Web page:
Can one assume that there is a perfectly rational approach to superstitious ideas? May one go out of one's way to come up with rational approaches if these ideas bother him? My thinking is, LeHavdil, along the lines of being Dan LeChaf Zechuth - judging someone favorably - when you are pretty sure someone is doing something wrong.

Instead of assuming the sages meant exactly what it sounds like they said, even if it offends my rational consciousness, and facing the painful choice of A) The sages got it totally right or B)The sages got it totally wrong, can there be a C)I've got a really good explanation that perhaps nobody's ever thought of before?

Inspired by the following questions (and many others):

What can a pregnant woman do if she already stepped on nails?

Good and Bad Omen - on something that can be calculated in advance

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    If we're going to have both rabbis and sages-chazal, we're going to need good tag-wikis explaining when to use which.
    – Double AA
    Jun 7, 2012 at 21:33
  • Related (thematically if not topically): judaism.stackexchange.com/q/4037
    – msh210
    Jun 7, 2012 at 21:37
  • depends which branch of orthodoxy you ask.
    – Menachem
    Jun 8, 2012 at 2:05
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    @Menachem, look at the reaction to RaMBa"M's.
    – Seth J
    Jun 8, 2012 at 2:49
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    How is accepting the science of today any different than accepting the science held to by the Rambam or l'havdil the statements of Chazal (according to the opinion that they were just going off the science of their day by mistake c'v)? What is the basis within Judaism for concluding that today's science is certainly correct to the point that we need to bend Divrei Chazal to fit it?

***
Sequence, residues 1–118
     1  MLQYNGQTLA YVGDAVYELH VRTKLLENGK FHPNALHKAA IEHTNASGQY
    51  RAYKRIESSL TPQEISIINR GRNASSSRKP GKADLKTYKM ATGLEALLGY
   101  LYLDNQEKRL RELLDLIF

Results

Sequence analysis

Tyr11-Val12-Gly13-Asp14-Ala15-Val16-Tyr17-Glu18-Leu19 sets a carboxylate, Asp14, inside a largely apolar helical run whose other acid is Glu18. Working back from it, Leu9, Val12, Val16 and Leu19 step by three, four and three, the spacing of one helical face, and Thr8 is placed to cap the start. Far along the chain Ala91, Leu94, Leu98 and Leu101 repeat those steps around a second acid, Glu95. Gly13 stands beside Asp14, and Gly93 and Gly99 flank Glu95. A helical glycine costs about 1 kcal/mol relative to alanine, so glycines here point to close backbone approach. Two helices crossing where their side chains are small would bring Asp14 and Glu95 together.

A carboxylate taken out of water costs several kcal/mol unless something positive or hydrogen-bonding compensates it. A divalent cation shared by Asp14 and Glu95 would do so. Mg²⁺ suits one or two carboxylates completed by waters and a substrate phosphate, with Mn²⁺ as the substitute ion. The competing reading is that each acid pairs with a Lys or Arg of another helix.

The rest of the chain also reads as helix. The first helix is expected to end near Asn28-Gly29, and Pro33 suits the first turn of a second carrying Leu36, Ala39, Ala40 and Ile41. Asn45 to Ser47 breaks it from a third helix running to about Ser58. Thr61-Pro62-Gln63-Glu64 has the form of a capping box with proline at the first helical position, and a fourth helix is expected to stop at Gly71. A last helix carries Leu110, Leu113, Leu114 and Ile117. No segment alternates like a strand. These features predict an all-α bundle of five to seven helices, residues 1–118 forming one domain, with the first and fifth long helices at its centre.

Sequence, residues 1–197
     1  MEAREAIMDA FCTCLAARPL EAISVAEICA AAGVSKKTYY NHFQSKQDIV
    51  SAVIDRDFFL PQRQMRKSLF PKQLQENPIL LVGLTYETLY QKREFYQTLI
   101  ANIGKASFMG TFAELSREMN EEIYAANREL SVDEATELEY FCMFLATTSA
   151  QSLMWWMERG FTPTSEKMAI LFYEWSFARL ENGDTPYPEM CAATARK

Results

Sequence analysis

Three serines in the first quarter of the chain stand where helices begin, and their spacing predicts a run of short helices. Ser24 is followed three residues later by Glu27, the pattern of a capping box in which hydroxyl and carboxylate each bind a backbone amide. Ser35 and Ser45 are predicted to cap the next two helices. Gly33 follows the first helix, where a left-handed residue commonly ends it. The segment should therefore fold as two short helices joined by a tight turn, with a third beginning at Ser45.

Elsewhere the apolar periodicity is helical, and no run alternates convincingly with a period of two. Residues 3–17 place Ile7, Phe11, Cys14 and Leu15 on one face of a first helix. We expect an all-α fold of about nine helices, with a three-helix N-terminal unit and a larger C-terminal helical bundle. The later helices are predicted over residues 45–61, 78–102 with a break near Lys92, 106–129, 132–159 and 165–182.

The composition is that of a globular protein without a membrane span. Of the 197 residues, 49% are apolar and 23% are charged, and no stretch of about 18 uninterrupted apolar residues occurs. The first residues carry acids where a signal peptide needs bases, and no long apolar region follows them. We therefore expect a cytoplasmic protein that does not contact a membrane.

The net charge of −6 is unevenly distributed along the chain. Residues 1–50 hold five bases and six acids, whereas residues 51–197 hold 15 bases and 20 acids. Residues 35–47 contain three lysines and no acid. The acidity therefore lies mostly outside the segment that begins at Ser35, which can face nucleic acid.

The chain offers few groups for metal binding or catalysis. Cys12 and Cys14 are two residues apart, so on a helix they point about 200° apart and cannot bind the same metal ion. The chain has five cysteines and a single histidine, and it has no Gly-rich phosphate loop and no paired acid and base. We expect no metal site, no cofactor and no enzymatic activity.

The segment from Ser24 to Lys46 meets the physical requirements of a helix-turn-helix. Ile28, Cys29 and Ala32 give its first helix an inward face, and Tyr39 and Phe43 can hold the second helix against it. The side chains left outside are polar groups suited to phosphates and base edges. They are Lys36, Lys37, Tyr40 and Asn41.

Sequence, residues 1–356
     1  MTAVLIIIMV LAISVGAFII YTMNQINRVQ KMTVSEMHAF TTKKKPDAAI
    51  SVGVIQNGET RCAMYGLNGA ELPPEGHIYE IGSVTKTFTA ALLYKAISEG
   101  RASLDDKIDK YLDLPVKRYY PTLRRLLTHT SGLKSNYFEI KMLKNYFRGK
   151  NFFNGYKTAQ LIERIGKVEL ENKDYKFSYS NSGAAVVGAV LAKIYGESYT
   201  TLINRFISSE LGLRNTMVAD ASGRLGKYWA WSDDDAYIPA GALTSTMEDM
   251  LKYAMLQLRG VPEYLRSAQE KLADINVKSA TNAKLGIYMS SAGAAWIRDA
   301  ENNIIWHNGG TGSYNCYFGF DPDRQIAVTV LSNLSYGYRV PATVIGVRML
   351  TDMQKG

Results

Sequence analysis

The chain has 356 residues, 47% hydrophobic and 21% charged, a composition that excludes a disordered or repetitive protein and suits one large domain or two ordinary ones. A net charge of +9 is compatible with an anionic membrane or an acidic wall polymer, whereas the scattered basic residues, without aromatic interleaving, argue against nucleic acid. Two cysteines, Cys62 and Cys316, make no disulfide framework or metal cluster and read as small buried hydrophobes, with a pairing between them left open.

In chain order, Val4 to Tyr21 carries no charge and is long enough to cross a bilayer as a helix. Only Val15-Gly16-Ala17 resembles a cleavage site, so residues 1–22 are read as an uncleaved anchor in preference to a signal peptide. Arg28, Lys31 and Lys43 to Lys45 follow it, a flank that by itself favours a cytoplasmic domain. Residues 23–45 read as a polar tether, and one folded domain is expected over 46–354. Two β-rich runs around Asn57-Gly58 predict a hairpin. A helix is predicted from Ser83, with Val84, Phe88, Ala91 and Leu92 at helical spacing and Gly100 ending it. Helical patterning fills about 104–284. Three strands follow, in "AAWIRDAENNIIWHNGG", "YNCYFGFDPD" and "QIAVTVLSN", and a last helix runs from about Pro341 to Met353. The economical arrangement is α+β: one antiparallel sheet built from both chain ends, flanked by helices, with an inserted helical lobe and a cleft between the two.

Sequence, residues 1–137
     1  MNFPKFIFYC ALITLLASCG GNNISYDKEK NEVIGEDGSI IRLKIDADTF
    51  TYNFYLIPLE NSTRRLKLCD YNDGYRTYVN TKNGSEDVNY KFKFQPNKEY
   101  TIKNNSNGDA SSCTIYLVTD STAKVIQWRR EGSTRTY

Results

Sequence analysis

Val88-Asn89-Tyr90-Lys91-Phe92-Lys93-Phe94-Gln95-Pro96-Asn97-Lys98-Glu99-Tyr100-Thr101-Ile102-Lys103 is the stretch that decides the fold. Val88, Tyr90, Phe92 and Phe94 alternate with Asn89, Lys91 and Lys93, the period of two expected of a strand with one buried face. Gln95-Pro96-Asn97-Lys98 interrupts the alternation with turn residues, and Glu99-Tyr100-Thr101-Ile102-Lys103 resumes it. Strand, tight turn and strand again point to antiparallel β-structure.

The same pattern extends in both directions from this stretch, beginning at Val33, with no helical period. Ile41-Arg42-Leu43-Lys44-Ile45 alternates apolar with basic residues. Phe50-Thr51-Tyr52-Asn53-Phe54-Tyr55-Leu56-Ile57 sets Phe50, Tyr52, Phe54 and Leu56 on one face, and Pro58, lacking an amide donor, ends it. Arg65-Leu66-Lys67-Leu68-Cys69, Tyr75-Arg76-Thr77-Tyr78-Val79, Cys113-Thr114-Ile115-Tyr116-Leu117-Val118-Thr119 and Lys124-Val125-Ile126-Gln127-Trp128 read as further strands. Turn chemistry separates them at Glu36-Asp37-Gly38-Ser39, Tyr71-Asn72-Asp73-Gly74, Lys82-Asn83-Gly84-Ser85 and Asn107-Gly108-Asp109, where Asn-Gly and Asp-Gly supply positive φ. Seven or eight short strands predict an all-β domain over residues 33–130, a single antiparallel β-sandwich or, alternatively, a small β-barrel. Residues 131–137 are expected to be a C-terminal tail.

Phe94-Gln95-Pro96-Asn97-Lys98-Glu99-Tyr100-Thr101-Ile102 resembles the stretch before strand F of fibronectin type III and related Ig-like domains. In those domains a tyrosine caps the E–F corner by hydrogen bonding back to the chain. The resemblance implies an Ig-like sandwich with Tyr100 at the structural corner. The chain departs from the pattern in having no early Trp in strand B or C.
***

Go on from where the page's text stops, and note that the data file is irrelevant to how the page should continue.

– yoel
    Jun 12, 2012 at 19:42

1 Answer 1


One shouldn't lightly dismiss a statement of chazal that seems outdated without trying to understand something from it. Sometimes there's another level to what they are saying and sometimes the idea can be understood within modern science also. For example, some of the statements about demons can apply to other hidden harmful forces, such as bacteria (see https://judaism.stackexchange.com/a/9746/369). I think it is worth being "dan l'chaf zechuth" to see what explanation one can find in a puzzling statement. However, even if there isn't another explanation, there's no reason to view them negatively for following the 'science' of their time. Also, some superstitions may in fact be forbidden, and the Rambam forbids some of the cures mentioned in the gemara.

  • Following your answer on that page (and something I've wondered about), is it then logical to state that the custom to wash with a cup after using the bathroom is mostly outdated now that we have soap and hand sanitizers?
    – Seth J
    Jun 12, 2012 at 19:20
  • see Netilat Yadayim: Ritual of Crisis or Dedication? here: atranet.co.il/gordon/netilat.pdf Jun 12, 2012 at 23:19
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    @SethJ It probably has to do with how much you view it as a takkana or not. Tosfot Pesachim 7b for example seems to take it as obvious that one makes an Al Netillat Yadayim when washing after leaving the restroom.
    – Double AA
    Jun 13, 2012 at 0:09

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